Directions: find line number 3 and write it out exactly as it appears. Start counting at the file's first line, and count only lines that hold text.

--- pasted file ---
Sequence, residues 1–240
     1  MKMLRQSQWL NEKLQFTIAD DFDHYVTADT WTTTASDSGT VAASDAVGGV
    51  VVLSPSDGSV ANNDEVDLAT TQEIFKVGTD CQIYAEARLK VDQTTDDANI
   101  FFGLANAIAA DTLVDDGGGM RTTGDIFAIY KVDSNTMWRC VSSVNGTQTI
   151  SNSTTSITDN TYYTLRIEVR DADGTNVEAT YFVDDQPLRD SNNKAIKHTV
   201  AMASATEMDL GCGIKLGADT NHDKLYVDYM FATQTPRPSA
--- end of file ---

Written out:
    51  VVLSPSDGSV ANNDEVDLAT TQEIFKVGTD CQIYAEARLK VDQTTDDANI